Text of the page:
The closest stop sign is over a mile away and the first traffic light is 5+ miles down the road. A visit to the grocery store is almost 30 miles round trip. It's quiet here; just the sound of toads and coyotes at night. It seems very still, but when you look close there's always something happening. Read on about a few things we've noticed over the past few years.
Monday, June 25, 2012
Thursday, June 21, 2012
This is what I found when I read up on them. They are from the Baja peninsula where they have an early spring breeding then they fly to a more mild climate (like Gavilan Hills for instance) for a second breeding season. They stay for about a month. Two weeks is spent by the couple keeping the eggs in their nest warm (yes, I spotted their nest at the top of the pine tree) and the next 19 days are spent raising the young. Then they eventually migrate back to the Baja peninsula.
They mainly eat bugs and berries but unlike other birds, they have a second stomach that digests the "shell" of the berries, while the inside of the berry goes to the first stomach. Also, while this bird is known for being kind of quiet, it can imitate some other bird calls including the red-tail hawk's call.
Wednesday, June 20, 2012
Wednesday, June 13, 2012
I'm out for a walk on a paved neighborhood road. Several hundred feet ahead of me, something is in the street. It looks to be fresh cut lumber on the road. As I continue walking towards it, the lumber moves and I realize its some kind of four legged animal. The animal turns and faces me. The animal is tawny in color. What animal is four legged and tawny colorer? A mountain lion? A bobcat? The animal begins to run towards me, I turn and run like I'm going to be eaten alive. I few seconds later I turn to see if the animal is still chasing me.... it is. Fortunately, I spot a van approaching the animal from behind. As the van reaches the animal I'm now able to accurately measure the size of the animal against a familiar sized thing - the van. I realize the animal hardly reaches halfway up the tire and rim. What I thought might have been a mountain lion was actually a tan colored Pomerainian dog. What a fool!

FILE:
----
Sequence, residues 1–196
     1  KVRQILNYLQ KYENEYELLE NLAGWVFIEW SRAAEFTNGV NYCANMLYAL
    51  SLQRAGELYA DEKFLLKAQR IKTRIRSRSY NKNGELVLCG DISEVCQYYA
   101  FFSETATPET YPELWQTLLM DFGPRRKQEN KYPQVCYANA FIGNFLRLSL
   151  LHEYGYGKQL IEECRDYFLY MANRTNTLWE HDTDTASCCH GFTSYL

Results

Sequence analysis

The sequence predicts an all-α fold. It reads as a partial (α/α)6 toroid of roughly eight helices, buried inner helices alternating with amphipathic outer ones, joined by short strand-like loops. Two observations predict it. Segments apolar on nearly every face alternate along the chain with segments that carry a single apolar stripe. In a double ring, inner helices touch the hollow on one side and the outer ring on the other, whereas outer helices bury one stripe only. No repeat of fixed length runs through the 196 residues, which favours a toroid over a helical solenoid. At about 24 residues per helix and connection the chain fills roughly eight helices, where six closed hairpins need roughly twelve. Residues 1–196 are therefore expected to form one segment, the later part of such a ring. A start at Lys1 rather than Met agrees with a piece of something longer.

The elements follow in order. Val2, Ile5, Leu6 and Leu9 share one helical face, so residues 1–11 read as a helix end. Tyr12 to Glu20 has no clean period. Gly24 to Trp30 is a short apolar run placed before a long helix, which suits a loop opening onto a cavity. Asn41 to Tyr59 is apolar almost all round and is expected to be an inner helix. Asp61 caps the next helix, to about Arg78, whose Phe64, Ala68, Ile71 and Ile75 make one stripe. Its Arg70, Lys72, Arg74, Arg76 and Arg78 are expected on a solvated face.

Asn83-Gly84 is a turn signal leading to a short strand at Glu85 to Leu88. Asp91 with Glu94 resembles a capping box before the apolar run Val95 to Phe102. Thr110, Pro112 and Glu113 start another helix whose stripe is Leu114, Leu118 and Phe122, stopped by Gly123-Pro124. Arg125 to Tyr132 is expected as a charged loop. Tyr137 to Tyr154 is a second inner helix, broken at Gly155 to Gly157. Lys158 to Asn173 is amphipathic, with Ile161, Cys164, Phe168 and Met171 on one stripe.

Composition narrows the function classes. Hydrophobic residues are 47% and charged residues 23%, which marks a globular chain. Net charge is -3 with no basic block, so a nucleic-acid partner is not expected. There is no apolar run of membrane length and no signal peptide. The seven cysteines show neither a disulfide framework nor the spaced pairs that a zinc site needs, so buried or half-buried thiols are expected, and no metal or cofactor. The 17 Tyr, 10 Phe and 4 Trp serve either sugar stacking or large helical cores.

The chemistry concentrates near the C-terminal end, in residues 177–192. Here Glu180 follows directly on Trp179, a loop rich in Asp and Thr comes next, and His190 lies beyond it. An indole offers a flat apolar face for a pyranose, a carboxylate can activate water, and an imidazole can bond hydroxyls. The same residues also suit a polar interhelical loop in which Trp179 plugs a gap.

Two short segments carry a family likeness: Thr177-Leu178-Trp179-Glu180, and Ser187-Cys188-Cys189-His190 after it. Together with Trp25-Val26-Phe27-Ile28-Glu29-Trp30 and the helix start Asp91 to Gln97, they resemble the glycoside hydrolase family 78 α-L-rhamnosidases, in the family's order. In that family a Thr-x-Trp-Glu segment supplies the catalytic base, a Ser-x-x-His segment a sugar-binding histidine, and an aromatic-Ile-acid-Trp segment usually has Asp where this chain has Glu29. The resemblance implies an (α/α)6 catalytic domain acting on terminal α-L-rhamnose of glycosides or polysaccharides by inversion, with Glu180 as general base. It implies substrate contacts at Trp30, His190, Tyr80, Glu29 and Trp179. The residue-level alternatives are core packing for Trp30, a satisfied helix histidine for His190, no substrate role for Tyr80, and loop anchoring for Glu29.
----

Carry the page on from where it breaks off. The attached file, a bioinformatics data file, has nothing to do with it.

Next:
Sunday, June 10, 2012
Friday, June 8, 2012
Ever heard the song of the mockingbird? I have a one word description: T-A-L-E-N-T! They mimic other birds' songs and each version is repeated three times. They often sing at night too. Mockingbirds have territories of 1 - 2 acres per couple. They sing to defend a breeding/feeding territory against other birds, cats, and snakes. From head to tail they are 11" and feed on insects, lizards, small snakes, and fruit & berries. They also come to feeders. This bird is found in all states of the continential US except Oregon and Washington. I love hearing their songs...it's a wonderful lullaby I listen to on summer nights when sleeping with the windows open.